CEO Joe Plumeri, Willis Group, said Tuesday that the earthquake that struck Japan March 11 won’t cause enough insured losses for industry-wide prices to rise. He did, however, warn that there could be great deal of business interruption claims from companies, like Toyota that have shut factories and seen supply chains disrupted.
Insurers and reinsurers could suffer losses of $20 billion to $30 billion from the Japan quake, according to catastrophe-modeling firm AIR Worldwide.
The disaster sparked speculation that insurance prices may begin rising again, after several years of decline. Read about the outlook for rates here.
When the insurance industry is hit with a big loss, it cuts the amount of capital available to back risk. Meanwhile, demand for coverage usually rises.
This combination can trigger big increases in the cost of coverage, especially in the reinsurance business, which reacts more quickly than the primary insurance market. That’s known as a hard market, while an environment of falling prices is called a soft market.
However, Willis’s Plumeri said Tuesday that such speculation has ended.
“Very early when Japan occurred everybody thought that the rates were going to spike up and it would be a great excuse for the insurance companies to raise rates,” Plumeri said during a presentation to investors. “That’s abated by now.”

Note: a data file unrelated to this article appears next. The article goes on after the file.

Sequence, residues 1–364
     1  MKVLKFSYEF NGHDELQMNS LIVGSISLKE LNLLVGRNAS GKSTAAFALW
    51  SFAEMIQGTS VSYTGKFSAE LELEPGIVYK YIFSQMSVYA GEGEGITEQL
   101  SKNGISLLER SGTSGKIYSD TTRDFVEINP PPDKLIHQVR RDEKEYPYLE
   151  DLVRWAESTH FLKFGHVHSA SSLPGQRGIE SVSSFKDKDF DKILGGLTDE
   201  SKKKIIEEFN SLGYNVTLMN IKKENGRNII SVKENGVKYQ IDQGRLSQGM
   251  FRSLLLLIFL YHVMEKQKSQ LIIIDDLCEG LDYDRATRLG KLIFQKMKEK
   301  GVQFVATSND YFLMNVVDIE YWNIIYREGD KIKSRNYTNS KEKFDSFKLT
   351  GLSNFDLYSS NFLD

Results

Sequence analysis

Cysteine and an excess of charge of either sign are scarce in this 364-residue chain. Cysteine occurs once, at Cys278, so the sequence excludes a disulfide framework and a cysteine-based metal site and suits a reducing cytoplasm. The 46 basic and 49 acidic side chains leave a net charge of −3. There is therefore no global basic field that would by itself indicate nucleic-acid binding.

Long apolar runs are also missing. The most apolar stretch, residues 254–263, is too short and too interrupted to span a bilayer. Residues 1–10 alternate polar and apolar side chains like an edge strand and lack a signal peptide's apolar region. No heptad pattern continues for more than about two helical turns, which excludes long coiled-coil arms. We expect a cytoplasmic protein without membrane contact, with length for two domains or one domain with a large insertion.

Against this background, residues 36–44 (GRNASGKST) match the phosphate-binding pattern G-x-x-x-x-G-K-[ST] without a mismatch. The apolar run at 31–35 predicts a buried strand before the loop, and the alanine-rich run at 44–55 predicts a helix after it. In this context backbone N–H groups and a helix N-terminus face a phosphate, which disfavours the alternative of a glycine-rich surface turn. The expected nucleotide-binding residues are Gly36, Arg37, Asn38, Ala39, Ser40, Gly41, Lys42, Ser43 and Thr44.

“We’re running this business like it’s still soft,” he added later in the presentation.
During the first couple of days after the disaster, Willis was contacted by people looking to start so-called sidecars, but those efforts have stopped, Plumeri added.
Sidecars are usually private reinsurance firms backed by a small group of investors that underwrite specific parts of insurance contracts and often cover losses from big events like hurricanes. Read about one sidecar that crashed here.
Others considered setting up a new Bermuda company to take on risks, but “that seems to have gone away,” Plumeri also said.
The Willis CEO said it’s still not clear how much the insurance industry will end up paying in claims from the Japan quake.
“You’re not going to know for a long time how much of an effect business interruption has had because of supply chain issues coming out of Japan,” Plumeri said, adding that’s a “big, big deal.”
Toyota told its U.S. dealers that they face a shortage some replacement parts due to production disruptions, the Wall Street Journal reported Tuesday.
Toyota said in a memo on Monday that about 180 replacement parts are made by suppliers that sustained significant damage to their facilities from the March 11 earthquake and tsunami, the newspaper said.
Production is not expected to resume for “at least 30 days” and the number of affected parts and length of production disruption may increase, according to the Journal.
”I still think the whole thing has got to unfold,” Plumeri said. “Business interruption plays a part in the Japan thing and especially the supply chain stuff.